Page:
To Highlight or Summarize? The Benefits of Constructive Learning in Geology.

Wednesday N/A Online
Poster Session Part of Posters


Rachel Wong, Washington State University-Vancouver
Larry Collins, Longwood University
Olusola Adesope, Washington State University- Pullman
Catherine Cooper, Washington State University- Pullman

Chi and Wylie's (2014) ICAP framework identifies four modes of cognitive engagement in learning – passive, active, constructive, and interactive, defined by the overt learning activities that learners participate in and the product of the activities. As engagement increases, a deeper understanding of the information is achieved. Unfortunately, students often do not often participate in learning activities that promote higher engagement. To assess the effectiveness of active versus constructive engagement, the present study was conducted with undergraduate students enrolled in an introductory geology course. Seventy-one students were assigned to either an active (highlighting) or constructive (summarizing) condition to learn about the carbon cycle which was presented as six individual paragraphs. Students in the highlighting condition (n = 36) were prompted to highlight key words while students in the summarizing condition (n = 35) had to provide a summary of each paragraph after reading. All students completed an immediate posttest that consisted of 11 multiple-choice retention questions and 3 open-ended transfer questions. One week later, students completed a delayed posttest of 8 multiple-choice retention questions and 3 open-ended transfer questions. A one-way ANOVA was conducted with condition as the independent variable, and the respective learning outcomes as the dependent variables. Results from the analysis indicated that the summarizing condition outperformed the highlighting condition on immediate retention (d = 0.52) and delayed transfer (d = 0.54). The findings from this study provide empirical support for the ICAP framework, indicating that a constructive mode of engagement is more beneficial than an active mode of engagement. Furthermore, this study was conducted in an ecologically valid learning environment, making the findings even more impactful for educators and students who are interested in strategies to improve learning. Specific implications for the Geoscience Education community will also be discussed.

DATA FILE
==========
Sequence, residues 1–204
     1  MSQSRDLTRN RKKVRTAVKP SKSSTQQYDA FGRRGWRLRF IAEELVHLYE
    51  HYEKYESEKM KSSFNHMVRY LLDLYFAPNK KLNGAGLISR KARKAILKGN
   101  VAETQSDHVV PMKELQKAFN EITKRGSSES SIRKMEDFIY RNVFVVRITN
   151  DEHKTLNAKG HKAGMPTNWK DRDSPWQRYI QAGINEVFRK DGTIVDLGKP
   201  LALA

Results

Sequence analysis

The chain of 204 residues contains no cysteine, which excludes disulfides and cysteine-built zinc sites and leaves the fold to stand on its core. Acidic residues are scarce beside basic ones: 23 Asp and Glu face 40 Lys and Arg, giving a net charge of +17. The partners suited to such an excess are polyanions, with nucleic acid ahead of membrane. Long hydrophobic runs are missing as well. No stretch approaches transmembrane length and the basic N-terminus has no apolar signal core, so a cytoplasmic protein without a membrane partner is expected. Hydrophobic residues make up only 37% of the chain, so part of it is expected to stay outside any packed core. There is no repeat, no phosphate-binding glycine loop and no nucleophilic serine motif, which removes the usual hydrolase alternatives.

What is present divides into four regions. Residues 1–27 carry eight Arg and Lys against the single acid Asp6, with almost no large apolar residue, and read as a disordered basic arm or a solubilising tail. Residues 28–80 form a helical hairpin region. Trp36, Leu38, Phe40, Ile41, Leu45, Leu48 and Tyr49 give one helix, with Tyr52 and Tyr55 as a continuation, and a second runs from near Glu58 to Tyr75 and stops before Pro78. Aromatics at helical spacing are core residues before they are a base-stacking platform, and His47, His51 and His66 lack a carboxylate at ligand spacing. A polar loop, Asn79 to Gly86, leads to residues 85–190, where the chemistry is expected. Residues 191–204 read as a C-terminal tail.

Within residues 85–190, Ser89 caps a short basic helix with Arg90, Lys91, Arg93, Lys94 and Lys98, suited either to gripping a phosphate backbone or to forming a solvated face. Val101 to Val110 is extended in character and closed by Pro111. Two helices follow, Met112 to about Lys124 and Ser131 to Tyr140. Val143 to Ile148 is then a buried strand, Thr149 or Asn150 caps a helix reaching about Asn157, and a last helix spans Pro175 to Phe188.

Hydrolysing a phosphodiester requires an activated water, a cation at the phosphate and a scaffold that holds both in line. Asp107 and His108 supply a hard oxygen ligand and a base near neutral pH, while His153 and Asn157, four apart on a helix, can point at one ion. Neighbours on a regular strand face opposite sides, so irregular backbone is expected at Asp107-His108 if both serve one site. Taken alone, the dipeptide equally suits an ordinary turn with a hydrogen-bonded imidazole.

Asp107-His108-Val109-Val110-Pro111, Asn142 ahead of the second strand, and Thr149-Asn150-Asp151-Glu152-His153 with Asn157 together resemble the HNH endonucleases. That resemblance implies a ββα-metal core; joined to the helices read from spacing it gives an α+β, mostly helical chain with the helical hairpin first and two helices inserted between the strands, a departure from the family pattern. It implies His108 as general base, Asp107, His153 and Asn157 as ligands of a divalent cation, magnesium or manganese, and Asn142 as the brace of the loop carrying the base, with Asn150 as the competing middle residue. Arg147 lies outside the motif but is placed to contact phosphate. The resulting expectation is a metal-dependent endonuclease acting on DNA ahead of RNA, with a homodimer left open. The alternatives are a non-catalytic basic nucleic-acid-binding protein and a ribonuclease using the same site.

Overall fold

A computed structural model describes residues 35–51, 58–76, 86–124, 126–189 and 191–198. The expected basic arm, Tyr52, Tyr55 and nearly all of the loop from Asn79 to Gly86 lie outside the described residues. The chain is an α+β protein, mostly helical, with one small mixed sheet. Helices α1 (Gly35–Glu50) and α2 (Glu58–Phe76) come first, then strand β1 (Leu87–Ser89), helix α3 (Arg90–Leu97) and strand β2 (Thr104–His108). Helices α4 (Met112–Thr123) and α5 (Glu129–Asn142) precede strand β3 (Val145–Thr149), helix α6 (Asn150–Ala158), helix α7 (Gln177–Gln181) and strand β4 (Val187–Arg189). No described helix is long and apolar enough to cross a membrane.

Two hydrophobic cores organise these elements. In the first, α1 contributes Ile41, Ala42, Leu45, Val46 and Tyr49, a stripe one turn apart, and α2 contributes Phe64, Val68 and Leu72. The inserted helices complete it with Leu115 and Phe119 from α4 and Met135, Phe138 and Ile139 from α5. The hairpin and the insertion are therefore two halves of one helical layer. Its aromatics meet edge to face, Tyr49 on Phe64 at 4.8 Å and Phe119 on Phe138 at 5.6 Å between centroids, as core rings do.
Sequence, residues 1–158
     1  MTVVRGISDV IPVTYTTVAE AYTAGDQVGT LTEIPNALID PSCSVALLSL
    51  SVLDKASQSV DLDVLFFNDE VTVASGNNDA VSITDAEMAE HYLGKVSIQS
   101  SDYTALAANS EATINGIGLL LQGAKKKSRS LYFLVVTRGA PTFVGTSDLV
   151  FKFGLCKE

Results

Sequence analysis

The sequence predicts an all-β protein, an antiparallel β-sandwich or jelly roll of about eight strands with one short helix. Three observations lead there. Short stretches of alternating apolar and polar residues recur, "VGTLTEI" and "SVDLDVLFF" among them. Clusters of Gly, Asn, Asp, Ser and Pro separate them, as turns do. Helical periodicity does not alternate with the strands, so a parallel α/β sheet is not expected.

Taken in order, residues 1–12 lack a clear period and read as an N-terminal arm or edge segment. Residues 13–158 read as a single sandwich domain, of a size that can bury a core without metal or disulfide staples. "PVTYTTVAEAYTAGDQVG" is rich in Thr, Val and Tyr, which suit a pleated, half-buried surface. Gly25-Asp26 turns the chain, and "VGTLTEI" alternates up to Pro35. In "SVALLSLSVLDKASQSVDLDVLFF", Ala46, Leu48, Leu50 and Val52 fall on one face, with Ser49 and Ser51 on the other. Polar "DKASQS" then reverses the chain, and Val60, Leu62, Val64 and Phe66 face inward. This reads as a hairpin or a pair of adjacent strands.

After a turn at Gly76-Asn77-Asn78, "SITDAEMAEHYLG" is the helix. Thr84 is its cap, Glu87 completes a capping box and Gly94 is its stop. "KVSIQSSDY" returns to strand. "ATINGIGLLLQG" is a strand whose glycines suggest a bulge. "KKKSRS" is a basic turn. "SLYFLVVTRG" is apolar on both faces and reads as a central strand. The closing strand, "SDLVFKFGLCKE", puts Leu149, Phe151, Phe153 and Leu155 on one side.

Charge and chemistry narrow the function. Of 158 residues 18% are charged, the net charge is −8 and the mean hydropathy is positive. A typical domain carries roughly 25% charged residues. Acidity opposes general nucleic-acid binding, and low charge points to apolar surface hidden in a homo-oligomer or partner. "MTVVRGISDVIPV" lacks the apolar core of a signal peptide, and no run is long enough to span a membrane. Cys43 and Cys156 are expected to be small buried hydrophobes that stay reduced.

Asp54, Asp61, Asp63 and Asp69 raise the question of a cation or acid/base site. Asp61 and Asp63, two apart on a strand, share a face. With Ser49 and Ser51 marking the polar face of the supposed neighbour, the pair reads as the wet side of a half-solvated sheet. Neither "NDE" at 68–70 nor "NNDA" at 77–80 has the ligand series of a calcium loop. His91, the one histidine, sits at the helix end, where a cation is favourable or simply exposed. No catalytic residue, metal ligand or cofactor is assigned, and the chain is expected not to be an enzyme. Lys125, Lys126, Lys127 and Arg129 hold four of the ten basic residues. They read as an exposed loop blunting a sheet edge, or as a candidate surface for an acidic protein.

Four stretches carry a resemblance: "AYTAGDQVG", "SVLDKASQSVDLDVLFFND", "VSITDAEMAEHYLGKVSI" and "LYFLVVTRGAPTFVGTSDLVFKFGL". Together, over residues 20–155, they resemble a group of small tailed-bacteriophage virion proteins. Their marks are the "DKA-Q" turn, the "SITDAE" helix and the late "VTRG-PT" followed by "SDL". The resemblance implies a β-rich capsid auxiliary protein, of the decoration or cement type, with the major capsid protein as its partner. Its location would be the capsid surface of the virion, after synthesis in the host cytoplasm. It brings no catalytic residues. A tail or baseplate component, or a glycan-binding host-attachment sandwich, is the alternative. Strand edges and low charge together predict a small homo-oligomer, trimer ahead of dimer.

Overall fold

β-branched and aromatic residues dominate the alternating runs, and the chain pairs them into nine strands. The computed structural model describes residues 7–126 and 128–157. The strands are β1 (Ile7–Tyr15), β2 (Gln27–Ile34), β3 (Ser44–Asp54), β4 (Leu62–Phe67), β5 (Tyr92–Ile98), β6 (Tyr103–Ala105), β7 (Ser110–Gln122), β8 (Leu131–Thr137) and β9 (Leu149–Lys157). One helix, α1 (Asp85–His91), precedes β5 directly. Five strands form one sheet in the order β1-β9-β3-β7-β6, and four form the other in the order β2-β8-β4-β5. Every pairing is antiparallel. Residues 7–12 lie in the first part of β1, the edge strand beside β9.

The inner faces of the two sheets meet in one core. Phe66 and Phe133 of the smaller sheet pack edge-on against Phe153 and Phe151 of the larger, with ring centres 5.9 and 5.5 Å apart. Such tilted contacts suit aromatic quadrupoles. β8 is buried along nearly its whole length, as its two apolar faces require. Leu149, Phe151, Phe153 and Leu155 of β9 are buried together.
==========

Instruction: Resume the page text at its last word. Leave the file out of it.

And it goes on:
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To Highlight or Summarize? The Benefits of Constructive Learning in Geology Poster (Acrobat (PDF) 287kB Jul2 20)

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